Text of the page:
Capitalizing on Russia’s growing economy, Moscow is embracing cafe culture (weather permitting):
When it comes to enjoying the outdoors, Russians have always been adept at taking what they can get: sunbathing standing up beside frozen rivers or growing a year’s worth of vegetables at their country houses during the short, bright summers.
But outdoor cafes have taken on a special importance in Moscow, where over the last decade people have slowly colonized street spaces that once offered little in the way of coziness.
Cafes have filled in the architectural nooks and crannies away from the city’s wide avenues — behind apartment houses, in park buildings. And, like New Yorkers willing to squeeze into tiny cafe tables next to dry cleaners or even garbage cans, some Moscow diners happily sit outdoors next to 10-lane boulevards.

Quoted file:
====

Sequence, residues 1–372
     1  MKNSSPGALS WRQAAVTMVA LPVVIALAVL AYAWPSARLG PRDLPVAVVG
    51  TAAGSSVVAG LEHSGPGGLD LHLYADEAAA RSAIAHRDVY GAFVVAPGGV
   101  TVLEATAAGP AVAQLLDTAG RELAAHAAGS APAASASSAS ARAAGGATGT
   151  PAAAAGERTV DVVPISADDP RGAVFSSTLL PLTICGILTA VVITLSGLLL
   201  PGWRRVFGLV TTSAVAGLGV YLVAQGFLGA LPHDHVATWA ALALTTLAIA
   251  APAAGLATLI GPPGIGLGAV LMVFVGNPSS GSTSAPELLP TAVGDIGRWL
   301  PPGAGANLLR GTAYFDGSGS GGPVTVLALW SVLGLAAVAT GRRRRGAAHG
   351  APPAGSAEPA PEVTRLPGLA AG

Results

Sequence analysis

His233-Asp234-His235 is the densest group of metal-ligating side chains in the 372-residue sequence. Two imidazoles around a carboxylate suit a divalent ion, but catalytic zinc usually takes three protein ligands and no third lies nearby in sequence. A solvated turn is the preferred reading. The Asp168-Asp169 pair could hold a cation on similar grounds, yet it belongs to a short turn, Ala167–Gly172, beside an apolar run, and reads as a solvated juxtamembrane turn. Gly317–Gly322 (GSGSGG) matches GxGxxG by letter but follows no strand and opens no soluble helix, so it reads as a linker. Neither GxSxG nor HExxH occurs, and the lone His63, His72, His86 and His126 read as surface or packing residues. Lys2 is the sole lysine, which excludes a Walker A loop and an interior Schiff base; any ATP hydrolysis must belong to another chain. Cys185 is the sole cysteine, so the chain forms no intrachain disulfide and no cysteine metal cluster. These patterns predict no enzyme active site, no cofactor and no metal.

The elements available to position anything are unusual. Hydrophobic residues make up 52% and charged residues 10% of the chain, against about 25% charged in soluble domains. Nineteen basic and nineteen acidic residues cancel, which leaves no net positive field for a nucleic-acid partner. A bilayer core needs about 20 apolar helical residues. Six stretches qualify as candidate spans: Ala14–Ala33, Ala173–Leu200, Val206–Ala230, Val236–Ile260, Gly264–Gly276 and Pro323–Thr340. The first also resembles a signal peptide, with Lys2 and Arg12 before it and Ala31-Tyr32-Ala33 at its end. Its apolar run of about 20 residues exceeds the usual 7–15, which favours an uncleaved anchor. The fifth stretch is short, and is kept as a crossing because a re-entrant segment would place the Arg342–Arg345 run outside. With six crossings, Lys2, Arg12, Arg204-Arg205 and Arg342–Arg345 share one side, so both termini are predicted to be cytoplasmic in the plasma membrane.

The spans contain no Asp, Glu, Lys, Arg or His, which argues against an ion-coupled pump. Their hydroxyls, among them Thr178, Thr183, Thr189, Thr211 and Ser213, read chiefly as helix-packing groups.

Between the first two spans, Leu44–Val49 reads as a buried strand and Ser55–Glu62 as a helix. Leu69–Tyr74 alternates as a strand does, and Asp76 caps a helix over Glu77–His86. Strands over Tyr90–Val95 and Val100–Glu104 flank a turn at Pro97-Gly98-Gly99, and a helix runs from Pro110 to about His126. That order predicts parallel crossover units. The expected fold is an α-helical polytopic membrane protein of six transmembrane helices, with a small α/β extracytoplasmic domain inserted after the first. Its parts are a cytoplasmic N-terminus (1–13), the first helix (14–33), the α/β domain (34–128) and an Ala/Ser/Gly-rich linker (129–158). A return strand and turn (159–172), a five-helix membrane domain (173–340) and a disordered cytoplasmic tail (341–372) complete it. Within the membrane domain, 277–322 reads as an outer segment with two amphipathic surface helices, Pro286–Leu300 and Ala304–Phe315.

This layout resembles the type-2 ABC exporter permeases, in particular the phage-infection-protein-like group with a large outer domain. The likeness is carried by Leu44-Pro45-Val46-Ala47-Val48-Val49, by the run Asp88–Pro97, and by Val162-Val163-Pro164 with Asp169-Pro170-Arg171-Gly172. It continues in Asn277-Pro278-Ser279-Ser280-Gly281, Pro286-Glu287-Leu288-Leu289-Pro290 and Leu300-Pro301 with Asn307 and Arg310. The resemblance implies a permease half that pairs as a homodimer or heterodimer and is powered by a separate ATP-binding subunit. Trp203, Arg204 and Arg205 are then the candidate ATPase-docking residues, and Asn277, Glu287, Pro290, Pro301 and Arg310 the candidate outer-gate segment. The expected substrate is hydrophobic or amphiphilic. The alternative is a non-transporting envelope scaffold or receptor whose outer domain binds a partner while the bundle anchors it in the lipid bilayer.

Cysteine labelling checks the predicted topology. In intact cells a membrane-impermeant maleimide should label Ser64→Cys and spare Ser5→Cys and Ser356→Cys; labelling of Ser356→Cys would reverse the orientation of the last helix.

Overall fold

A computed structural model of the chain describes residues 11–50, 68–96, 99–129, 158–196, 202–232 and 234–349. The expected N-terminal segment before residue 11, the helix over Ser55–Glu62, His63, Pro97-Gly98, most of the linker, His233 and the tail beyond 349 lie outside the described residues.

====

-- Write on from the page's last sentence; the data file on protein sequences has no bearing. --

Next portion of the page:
Every spring, restaurants and cafes hammer together wooden terraces that they call, in honor of their short window of operation, summer cafes.
Prices are not cheap; it is common to pay the equivalent of $4 to $8 for cappuccino. Yet popular chains like Shokoladnitsa, whose name is Russian for chocolate girl, and Kofe Haus offer an accessible treat to the growing class of urban professionals, like architects, accountants and designers, who cannot afford the luxury goods marketed to the richest Russians but have made a little extra money from the country’s oil-driven consumer boom.
And for those who have not made a little extra money? Well:
Outdoor cafes underline the growing gap between rich and poor. Nastya Fomina, who was smoking with four teenage friends at Prime Star, a deli-like cafe near the Kremlin, said it disturbed her when passers-by asked for money.
I wonder if she’s read the relevant Baudelaire (link should go to pages 52-3).